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Jeff Stoutland says Landon Dickerson is the Eagles’ most improved player

PLUS: Philadelphia’s offensive line coach talks Cam Jurgens development and why OL versatility is critical.

The Eagles have had a lot of changes to their coaching staff over the years, but one consistency has been offensive line coach Jeff Stoutland. Honestly, it’s always a pleasure to hear the OL mastermind speak, even when he’s just answering questions, you walk away learning something.

He spoke to reporters on Thursday and said it is truly an honor to be able to coach the guys he has in the OL room right now, and it’s not something he takes for granted.

On Cam Jurgens

While it wasn’t ideal that Jason Kelce was sidelined with his elbow injury, Stoutland was happy that Jurgens got some extra experience.

“To play with the first group. To see what he’s capable of doing against our first defense. To see how he can play against high level players. That’s your only true test. That’s the only way you know, and he handled himself unbelievable.”

There’s a chance Jurgens doesn’t get another chance to play this season now that Kelce is back in the lineup, but Stout was honest about wanting the rookie to get some experience at guard, as well. He mentioned that Jurgens couldn’t get those other reps during training camp while Kelce was dealing with his elbow, so now he has an opportunity to be cross-trained a bit more.

He later was asked if Jurgens making plays down field in the preseason reminded him of Kelce, but Stoutland admitted he doesn’t think it’s right to compare anyone to Kelce. He explained though, that some of those qualities like being not only big but quick, and being able to affect things in the second level, are critical factors that Jurgens has.

The OL coach also highlighted the strength of Jurgens’ hands, noting that it took Jordan Mailata two years to figure out how to use his hands the way they are asking him to, but with Jurgens, he’s been able to pick that up quickly because of how strong his hands are.

On Landon Dickerson

Stoutland got animated (although, when is he not?) when asked about Dickerson, claiming the second-year player is “light years” ahead of where he was last year.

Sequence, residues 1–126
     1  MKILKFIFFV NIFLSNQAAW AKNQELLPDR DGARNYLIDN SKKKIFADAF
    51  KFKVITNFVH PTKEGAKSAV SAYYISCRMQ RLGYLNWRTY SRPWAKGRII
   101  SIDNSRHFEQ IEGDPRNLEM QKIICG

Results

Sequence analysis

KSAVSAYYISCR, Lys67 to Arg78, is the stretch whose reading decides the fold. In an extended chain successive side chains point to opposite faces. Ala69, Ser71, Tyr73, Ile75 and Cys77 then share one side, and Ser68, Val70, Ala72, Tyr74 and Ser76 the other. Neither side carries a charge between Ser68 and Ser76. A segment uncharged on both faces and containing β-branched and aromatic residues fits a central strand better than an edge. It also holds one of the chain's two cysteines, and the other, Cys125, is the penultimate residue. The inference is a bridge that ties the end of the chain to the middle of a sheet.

“Not even close. Not even the same player.”

He went on to explain that he sees a guy who is playing with low hips, and quickly bumping off the twist stunts, and redirecting his feet. Stoutland pointed out that Dickerson struggled a little bit last season to change direction as he was coming off the injury, but it was really evident in their joint practice and preseason game against Miami that he’s made strides.

“I’m really excited. I would say — you didn’t ask me this, but if you said to me who’s the most improved player? I would say it was him.”

On lineman being versatile

Stout talked about the challenges in guys changing sides along the offensive line. He noted that the worst way to get beat is underneath because it’s the fastest way to the quarterback, and the angle players take to protect that space can be so engrained it’s hard to switch sides. He mentioned that Jordan Mailata was so green at football in general, it was easy early on to move him back and forth, but for other guys who have always played either on the right or left, it’s more challenging to make the changes.

The OL coach said that Jack Driscoll needs to start being a bit more like Isaac Seumalo used to be back in the day — pointing to a game against Baltimore years ago when Seumalo lined up at five different positions. But, he thinks that Driscoll is at the point where he could be that kind of player. The coach emphasized that when you’re not a starter in the NFL you have to create value for yourself and the organization by being able to play multiple positions.

Stoutland mentioned playing multiple positions was the reason that undrafted free agent Josh Sills ended up making the 53-man roster.

“That’s the reason. Sills played center at West Virginia, he played tackle, he played guard, he played every position. I didn’t know he could play tackle like that when we put him in there, I was a little bit shocked, like ‘Wow, this guy can get this done.’ From watching the technique and the way he takes coaching, and understands what I’m teaching.”

He referenced a couple years ago when they had eight different offensive lineman go on IR, and needing to make sure they had the depth, and versatility among those depth players, to still be successful.

Stoutland was later asked more about Seumalo who is coming off an injured season and also moved from left to right guard.

“I’ve said this for a long, long time, Isaac is a tremendous player. I think Isaac is the most — like he’s such an underrated player because of probably his demeanor. He’s quiet, he doesn’t say much, but when he speaks in our meeting — and he does speak in our meeting, that’s his comfort zone —, when he talks about technique and he gets up and he does, players listen. Like on film, guys are like amazed at what he can do. The screen games, the perimeter game, the guy is unbelievable.”

The OL coach acknowledged that Seumalo’s past versatility has helped him make the move to the right side, but also pointed out that he loves to teach and is always talking to younger players, even tackles, and making impressive points.

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